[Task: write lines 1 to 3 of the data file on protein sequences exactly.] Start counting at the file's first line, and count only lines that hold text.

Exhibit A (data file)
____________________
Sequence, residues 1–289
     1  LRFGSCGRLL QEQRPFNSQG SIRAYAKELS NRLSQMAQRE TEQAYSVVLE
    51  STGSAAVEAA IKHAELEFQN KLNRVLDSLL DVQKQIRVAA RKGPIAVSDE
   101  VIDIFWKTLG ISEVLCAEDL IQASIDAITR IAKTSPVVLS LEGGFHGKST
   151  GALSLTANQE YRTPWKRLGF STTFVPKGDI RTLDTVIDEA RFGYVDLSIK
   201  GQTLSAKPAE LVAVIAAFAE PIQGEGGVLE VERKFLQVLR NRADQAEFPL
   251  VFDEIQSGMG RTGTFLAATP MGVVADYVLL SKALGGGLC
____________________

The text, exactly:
Sequence, residues 1–289
     1  LRFGSCGRLL QEQRPFNSQG SIRAYAKELS NRLSQMAQRE TEQAYSVVLE
    51  STGSAAVEAA IKHAELEFQN KLNRVLDSLL DVQKQIRVAA RKGPIAVSDE